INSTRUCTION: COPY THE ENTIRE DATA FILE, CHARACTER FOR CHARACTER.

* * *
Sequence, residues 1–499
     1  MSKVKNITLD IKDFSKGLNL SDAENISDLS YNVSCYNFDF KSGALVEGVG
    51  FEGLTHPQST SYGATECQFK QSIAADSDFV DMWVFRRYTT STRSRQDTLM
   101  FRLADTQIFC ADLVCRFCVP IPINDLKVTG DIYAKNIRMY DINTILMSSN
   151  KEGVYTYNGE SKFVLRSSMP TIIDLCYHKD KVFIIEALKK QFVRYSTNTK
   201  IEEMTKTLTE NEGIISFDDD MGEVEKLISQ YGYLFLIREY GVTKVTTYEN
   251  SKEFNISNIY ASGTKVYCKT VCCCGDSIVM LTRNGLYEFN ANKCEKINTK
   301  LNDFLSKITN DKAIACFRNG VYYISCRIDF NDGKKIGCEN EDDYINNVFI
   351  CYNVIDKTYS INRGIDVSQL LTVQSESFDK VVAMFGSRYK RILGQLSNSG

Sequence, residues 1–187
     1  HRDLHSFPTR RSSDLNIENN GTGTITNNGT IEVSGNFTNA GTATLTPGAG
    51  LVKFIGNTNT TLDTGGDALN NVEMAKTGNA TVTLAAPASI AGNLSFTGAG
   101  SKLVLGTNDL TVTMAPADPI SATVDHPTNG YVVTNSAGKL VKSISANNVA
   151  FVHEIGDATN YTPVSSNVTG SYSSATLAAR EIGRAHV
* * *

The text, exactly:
Sequence, residues 1–499
     1  MSKVKNITLD IKDFSKGLNL SDAENISDLS YNVSCYNFDF KSGALVEGVG
    51  FEGLTHPQST SYGATECQFK QSIAADSDFV DMWVFRRYTT STRSRQDTLM
   101  FRLADTQIFC ADLVCRFCVP IPINDLKVTG DIYAKNIRMY DINTILMSSN
   151  KEGVYTYNGE SKFVLRSSMP TIIDLCYHKD KVFIIEALKK QFVRYSTNTK
   201  IEEMTKTLTE NEGIISFDDD MGEVEKLISQ YGYLFLIREY GVTKVTTYEN
   251  SKEFNISNIY ASGTKVYCKT VCCCGDSIVM LTRNGLYEFN ANKCEKINTK
   301  LNDFLSKITN DKAIACFRNG VYYISCRIDF NDGKKIGCEN EDDYINNVFI
   351  CYNVIDKTYS INRGIDVSQL LTVQSESFDK VVAMFGSRYK RILGQLSNSG

Sequence, residues 1–187
     1  HRDLHSFPTR RSSDLNIENN GTGTITNNGT IEVSGNFTNA GTATLTPGAG
    51  LVKFIGNTNT TLDTGGDALN NVEMAKTGNA TVTLAAPASI AGNLSFTGAG
   101  SKLVLGTNDL TVTMAPADPI SATVDHPTNG YVVTNSAGKL VKSISANNVA
   151  FVHEIGDATN YTPVSSNVTG SYSSATLAAR EIGRAHV